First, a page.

Featured Research

from universities, journals, and other organizations

Study assesses risks for adverse events during hospitalization

Date:
September 19, 2013
Source:
National Association for Healthcare Quality
Summary:
Several studies have shown that hospitalized patients still have unacceptably high rates of harm and injury due in part to limited access for quality staff to obtain primary care data from electronic medical records. As a result, hospital incident reports do not capture most harm that occurs in hospitals. A new study shows that using administrative data, such as discharge abstracts, can gauge the quality of care and identify opportunities for improvement.

Several studies have shown that hospitalized patients still have unacceptably high rates of harm and injury due in part to limited access for quality staff to obtain primary care data from electronic medical records. As a result, hospital incident reports do not capture most harm that occurs in hospitals. A new study published in the September special issue “Emerging Models of Care and Payment Delivery” of the Journal for Healthcare Quality showed that using administrative data, such as discharge abstracts, can gauge the quality of care and identify opportunities for improvement.

Related Articles


The purpose of the study was to develop a new global measure of harm, called whole patient measure of safety, that uses administrative claims data to measure the incidence of 14 “highly undesirable events” (HUEs). The goal is to determine the probability for a patient to complete a hospital stay without any HUEs and the central measurement question is “What proportion of hospitalized patients experience at least one HUE during their episode of care?” Data from 6.5 million discharge abstracts in 161 hospitals from July 1, 2008 to June 30, 2010 were studied.

Results of the analysis showed that the percent of hospitalizations with at least one HUE varied greatly among hospitals (13.32 to 1.99 percent) with a mean of 7.74 percent. Hospital-acquired infections were the most common HUE across all facilities and blood incompatibility was the least common. HAIs usually result in readmission within 72 hours, and half of the HAIs identified occurred in conjunction with other HUEs.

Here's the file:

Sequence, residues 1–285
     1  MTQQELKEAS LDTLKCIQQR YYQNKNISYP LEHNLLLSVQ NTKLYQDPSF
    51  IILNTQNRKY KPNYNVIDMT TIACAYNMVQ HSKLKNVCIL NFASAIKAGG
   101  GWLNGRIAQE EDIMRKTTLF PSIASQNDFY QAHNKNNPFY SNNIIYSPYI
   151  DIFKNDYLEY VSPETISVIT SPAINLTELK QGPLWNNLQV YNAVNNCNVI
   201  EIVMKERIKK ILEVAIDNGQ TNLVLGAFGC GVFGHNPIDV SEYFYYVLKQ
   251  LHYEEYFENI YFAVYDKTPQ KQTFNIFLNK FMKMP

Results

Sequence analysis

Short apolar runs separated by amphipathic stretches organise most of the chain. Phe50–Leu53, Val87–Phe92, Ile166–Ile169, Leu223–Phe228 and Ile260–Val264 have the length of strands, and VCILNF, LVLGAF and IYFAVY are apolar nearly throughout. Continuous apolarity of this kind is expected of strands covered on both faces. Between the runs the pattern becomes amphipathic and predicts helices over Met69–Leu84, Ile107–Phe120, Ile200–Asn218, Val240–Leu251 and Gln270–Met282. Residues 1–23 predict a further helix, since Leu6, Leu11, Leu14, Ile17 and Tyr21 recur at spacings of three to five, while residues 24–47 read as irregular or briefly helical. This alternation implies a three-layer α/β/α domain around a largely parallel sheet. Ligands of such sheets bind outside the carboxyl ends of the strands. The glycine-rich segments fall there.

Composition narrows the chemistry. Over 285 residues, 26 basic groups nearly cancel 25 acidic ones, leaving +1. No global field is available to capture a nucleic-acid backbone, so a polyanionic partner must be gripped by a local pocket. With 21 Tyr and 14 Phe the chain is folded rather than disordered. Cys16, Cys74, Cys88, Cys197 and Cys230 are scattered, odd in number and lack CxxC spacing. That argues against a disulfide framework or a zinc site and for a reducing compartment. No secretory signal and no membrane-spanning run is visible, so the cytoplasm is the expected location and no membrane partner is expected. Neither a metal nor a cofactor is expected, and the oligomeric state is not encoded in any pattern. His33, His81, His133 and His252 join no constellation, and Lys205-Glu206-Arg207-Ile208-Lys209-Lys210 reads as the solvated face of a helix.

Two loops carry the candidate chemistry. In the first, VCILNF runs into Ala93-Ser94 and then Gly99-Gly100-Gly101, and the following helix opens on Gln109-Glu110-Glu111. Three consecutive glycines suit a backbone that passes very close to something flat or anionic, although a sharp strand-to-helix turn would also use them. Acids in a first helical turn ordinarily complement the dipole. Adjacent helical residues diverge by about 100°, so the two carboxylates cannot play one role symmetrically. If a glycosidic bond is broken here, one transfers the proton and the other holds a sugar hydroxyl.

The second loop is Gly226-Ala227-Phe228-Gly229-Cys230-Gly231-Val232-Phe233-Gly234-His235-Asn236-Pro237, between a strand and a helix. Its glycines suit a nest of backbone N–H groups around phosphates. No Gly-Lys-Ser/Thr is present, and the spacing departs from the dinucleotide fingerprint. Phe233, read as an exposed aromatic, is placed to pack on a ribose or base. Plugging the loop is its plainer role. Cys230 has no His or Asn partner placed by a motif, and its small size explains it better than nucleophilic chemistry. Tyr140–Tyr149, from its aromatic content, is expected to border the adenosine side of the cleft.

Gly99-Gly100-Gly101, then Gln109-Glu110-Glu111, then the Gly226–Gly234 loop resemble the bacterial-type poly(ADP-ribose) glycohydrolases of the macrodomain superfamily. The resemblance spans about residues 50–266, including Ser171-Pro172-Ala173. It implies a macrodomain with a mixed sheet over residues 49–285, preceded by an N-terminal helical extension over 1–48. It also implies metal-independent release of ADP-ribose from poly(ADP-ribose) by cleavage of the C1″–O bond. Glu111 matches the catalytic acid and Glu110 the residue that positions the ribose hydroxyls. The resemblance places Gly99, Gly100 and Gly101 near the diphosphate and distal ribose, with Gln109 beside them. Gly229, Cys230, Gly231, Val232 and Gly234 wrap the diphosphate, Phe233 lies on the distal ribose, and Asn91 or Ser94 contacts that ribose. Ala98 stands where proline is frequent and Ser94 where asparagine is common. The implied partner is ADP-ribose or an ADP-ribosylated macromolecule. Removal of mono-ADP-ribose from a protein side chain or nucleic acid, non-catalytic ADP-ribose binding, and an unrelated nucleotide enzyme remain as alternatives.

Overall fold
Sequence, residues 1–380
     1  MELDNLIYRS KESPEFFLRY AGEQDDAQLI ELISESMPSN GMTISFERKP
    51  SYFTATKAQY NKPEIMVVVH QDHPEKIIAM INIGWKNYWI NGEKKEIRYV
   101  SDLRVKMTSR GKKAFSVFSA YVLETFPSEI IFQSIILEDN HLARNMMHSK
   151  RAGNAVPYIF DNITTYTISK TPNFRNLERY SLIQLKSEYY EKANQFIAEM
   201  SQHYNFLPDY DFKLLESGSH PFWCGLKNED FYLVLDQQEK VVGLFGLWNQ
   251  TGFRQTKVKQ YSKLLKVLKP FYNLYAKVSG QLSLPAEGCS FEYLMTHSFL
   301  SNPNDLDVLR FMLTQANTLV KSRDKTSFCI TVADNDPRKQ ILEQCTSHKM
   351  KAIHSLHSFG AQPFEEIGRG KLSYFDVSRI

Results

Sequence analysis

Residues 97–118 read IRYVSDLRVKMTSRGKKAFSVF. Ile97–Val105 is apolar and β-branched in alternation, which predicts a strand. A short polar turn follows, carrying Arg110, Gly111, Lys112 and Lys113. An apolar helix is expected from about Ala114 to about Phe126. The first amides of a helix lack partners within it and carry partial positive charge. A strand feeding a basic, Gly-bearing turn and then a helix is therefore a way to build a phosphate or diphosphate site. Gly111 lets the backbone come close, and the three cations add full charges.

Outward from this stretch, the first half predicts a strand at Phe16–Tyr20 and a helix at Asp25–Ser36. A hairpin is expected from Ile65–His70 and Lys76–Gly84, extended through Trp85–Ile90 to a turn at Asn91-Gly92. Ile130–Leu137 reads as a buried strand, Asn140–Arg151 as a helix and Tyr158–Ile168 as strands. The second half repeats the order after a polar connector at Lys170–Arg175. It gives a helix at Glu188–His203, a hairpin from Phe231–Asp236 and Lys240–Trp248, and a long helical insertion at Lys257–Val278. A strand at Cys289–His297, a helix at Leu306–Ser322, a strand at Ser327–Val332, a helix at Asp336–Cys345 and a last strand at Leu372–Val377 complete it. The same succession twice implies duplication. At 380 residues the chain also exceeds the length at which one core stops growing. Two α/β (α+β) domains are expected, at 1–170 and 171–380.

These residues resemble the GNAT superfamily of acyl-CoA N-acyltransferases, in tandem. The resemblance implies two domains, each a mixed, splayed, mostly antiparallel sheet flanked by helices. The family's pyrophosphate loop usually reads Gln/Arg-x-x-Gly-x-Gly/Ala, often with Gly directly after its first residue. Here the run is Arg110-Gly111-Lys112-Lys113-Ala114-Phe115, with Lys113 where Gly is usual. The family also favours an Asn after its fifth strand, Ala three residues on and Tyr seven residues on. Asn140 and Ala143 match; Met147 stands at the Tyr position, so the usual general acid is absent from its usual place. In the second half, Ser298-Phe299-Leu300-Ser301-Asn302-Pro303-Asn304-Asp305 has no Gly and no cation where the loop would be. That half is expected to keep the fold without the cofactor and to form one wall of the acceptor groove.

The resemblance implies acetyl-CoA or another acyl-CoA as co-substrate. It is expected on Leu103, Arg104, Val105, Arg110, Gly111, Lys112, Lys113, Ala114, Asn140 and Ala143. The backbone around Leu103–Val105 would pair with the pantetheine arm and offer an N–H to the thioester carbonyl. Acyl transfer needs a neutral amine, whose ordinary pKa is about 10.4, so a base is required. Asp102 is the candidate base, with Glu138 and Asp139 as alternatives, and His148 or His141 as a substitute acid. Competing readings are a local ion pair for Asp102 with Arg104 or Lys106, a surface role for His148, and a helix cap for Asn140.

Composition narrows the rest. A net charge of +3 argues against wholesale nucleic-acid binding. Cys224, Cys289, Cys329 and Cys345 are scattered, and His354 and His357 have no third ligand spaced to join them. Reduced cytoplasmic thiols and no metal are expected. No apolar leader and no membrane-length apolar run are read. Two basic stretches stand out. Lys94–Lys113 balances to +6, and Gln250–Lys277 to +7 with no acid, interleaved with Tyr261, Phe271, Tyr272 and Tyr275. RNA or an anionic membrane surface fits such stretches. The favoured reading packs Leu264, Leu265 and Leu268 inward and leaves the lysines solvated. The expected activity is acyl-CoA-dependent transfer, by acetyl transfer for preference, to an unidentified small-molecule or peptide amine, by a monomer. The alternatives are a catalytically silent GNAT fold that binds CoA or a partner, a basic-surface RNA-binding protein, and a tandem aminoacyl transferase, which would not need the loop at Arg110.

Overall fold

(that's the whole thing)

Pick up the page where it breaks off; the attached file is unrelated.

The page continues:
The study concluded that the new whole patient measure of safety provides a global assessment of what happens to hospitalized patients as they move through the care system. It assesses the entire care process and can augment patient assessment metrics for specific diseases and procedures. The measures can be used to help hospitals interested in understanding where the most egregious safety deficiencies exist by examining patients with multiple HUEs. Also, since hospital acquired conditions are not being reimbursed by payers, administrative data can be a valuable resource to help gauge potential liability and risk and identify opportunities for improvement.


Story Source:

The above story is based on materials provided by National Association for Healthcare Quality. Note: Materials may be edited for content and length.


Journal Reference:

  1. Rocco J. Perla, Samuel F. Hohmann, Karen Annis. Whole-Patient Measure of Safety: Using Administrative Data to Assess the Probability of Highly Undesirable Events During Hospitalization. Journal for Healthcare Quality, 2013; 35 (5): 20 DOI: 10.1111/jhq.12027

Cite This Page:

National Association for Healthcare Quality. "Study assesses risks for adverse events during hospitalization." ScienceDaily. ScienceDaily, 19 September 2013. <www.sciencedaily.com/releases/2013/09/130919121904.htm>.